RED FLAG WARNING issued for southeast Louisiana, southwest Mississippi
A cold front will push through the area tonight with cooler and drier air to follow. Hurricane Ian will not bring significant impacts to the local area aside from increased winds and large swells—especially on offshore waters.
The combination of low relative humidity near 25 percent and winds between 15 and 20 mph with higher gusts will produce a high fire danger across the area. Any fires that develop will likely spread rapidly. Outdoor burning is not advised.
The National Weather Service has issued a RED FLAG WARNING due to critical fire conditions for the entire WBRZ Weather Forecast Area (except St. Mary Parish) from 10am to 7pm Tuesday. This includes the parishes of: Pointe Coupee, West Feliciana, East Feliciana, St. Helena, Iberville, West Baton Rouge, East Baton Rouge, Assumption, St. James, Tangipahoa, Livingston, Ascension and the counties of Wilkinson, Amite, and Pike. A Red Flag Warning means that critical fire weather conditions are either occurring now, or will shortly. A combination of strong winds, low relative humidity, and warm temperatures can all contribute to volatile fire behavior.
Many locations in the region have gone more than two weeks since measurable rain and dry conditions will continue for the duration of this week. With increased winds due to Hurricane Ian nearby in the Eastern Gulf of Mexico, favorable fire conditions could persist through much of the week.
Next 24 Hours: As a cold front settles southward into the Gulf of Mexico tonight, temperatures will respond by falling below average for the first time in about 10 days. Lows will settle near 60 degrees. Dry air and abundant sunshine are expected on Tuesday. Highs will be near 84 degrees. In combination with low humidity, north breezes of 5-15mph will result in favorable fire conditions.
Up Next: The extended forecast is looking rather pleasant. The remainder of the workweek will feature clear skies, highs in the low to mid 80s and lows in the upper 50s. If there is one negative, the area has turned rather crispy after a spell of hot, dry weather over the last two weeks. Winds out of the north and northeast at 5-15mph coupled with dew point temperatures in the 40s and relative humidity below 25% will bring an increased risk for wildfires. Burning is not advised. Winds will ease over the weekend as temperatures gradually moderate with highs in the upper 80s and lows in the low to mid 60s. Still, no rain chances are currently advertised through the early next week. CLICK HERE for your detailed 7-Day Forecast.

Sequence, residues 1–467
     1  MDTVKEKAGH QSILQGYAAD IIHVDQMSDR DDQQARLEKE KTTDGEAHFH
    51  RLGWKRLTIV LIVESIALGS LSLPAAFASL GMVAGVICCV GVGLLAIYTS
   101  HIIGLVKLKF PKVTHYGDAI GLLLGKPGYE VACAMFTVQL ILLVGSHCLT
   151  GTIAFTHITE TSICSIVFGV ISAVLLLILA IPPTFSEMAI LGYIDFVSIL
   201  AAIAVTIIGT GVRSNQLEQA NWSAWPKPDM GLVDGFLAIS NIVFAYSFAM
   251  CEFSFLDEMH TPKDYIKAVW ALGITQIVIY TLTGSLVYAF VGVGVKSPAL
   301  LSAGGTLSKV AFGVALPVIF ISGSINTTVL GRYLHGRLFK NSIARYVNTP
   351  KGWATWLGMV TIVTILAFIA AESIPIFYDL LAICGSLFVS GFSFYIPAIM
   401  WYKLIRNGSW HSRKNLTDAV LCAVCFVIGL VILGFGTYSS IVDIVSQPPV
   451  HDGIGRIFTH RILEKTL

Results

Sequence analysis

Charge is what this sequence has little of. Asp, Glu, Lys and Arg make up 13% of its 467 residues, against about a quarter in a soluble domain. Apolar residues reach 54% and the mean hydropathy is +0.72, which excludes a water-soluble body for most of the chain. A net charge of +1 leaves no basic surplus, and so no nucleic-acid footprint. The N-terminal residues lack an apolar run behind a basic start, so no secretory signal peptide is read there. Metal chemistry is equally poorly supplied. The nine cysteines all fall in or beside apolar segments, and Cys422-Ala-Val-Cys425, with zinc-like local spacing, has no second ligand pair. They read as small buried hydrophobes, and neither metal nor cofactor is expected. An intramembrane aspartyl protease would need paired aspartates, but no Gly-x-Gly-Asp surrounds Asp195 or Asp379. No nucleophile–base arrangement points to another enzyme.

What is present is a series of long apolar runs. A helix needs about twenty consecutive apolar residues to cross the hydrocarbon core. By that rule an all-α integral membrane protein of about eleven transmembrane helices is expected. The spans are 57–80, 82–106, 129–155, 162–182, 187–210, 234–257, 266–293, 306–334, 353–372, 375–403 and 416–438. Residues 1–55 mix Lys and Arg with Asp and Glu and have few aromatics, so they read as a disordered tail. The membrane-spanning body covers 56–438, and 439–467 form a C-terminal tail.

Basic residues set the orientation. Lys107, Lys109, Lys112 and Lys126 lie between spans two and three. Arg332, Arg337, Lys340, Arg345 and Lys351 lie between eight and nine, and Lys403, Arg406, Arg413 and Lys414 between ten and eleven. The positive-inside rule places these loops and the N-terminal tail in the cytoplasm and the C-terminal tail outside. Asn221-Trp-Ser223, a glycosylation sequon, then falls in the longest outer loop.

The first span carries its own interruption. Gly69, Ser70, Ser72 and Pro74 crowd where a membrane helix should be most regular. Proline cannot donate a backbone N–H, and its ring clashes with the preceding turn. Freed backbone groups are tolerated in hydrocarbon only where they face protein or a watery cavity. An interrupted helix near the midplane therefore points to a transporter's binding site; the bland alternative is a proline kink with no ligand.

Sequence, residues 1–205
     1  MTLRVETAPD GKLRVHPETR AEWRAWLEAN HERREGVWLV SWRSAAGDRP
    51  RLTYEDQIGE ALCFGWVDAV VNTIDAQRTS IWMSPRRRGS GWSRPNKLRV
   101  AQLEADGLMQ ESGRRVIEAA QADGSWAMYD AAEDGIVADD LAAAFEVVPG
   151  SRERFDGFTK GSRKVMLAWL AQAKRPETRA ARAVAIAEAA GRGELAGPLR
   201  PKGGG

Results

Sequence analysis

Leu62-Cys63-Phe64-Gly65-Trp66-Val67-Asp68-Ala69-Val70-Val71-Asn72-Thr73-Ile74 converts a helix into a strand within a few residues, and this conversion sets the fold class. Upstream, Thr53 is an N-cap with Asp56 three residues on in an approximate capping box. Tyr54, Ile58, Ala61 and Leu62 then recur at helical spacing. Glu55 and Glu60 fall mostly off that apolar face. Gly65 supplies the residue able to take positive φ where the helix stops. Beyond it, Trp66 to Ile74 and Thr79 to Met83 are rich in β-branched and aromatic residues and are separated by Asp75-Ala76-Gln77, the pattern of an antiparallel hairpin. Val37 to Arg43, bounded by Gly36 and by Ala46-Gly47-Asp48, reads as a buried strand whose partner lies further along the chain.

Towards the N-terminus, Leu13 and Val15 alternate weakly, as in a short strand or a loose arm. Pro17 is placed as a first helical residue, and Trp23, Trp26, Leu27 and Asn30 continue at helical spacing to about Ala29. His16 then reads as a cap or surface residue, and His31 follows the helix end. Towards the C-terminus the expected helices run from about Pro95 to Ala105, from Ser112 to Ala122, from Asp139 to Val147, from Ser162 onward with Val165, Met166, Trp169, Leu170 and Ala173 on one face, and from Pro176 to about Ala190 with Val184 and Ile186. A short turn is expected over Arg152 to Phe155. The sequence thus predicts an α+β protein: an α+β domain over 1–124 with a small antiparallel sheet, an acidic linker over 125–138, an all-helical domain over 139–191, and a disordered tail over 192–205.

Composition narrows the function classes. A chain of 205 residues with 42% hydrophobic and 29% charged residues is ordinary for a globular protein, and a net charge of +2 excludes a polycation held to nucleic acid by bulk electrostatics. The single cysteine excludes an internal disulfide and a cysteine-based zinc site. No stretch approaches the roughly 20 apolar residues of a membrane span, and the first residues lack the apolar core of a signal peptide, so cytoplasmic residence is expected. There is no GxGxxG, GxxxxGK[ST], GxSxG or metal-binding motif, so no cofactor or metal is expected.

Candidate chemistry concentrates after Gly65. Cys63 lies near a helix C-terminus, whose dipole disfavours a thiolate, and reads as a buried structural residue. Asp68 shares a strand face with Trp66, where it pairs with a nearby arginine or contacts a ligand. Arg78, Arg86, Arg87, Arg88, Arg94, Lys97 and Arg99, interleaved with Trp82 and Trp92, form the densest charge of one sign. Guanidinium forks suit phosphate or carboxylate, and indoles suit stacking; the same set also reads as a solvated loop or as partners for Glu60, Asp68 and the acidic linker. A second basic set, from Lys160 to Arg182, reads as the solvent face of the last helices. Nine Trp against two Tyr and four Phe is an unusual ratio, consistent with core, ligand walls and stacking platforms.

The Tropics: Hurricane Ian is rapidly intensifying with deteriorating conditions expected in Cuba expected Monday night. As of 4pm Monday, Ian had maximum sustained winds of 100mph and was moving northwest at 13mph. The storm is expected to become a major hurricane on Tuesday as it moves into the southeastern Gulf of Mexico and approach the west coast of Florida on Wednesday. Due to an expected slowing forward speed, long lasting and dangerous storm surge is possible all along the west coast of Florida, most notably in Tampa Bay. In addition, torrential rain and strong winds may batter the state for several days. Ian is expected to become a remnant low over the Southeast U.S. this weekend.
Shower and thunderstorm activity has changed little in organization today associated with an area of low pressure located several hundred miles west of the Cabo Verde Islands. Despite the proximity of nearby dry air, upper-level winds appear generally conducive for additional development, and there is a seventy percent chance that a tropical depression forms during the next couple of days as the system meanders over the central tropical Atlantic. By the end of this week, upper-level winds are forecast to become less favorable for development as the system begins to move slowly north-northwestward.
The Explanation: A cold front will continue marching south and into the Gulf of Mexico by Tuesday morning. Thermometers will move below average Tuesday morning and stay below average relative to their daypart for nearly a week. Dew point temperatures will trail off into the 40s and 50s for several days on the other side of the front. Meanwhile, winds will increase due to the pressure gradient between Hurricane Ian to our southeast and a surface high to our northeast. The breezy conditions coupled with the low relative humidity will bring a rise in fire weather conditions through Thursday. In general, winds will be around 10mph, but some higher gusts are possible, especially closer to the coast and I-55. By the weekend, the pressure gradient will weaken and allow winds to slacken as Ian moves inland and loses intensity. Temperatures will gradually moderate.
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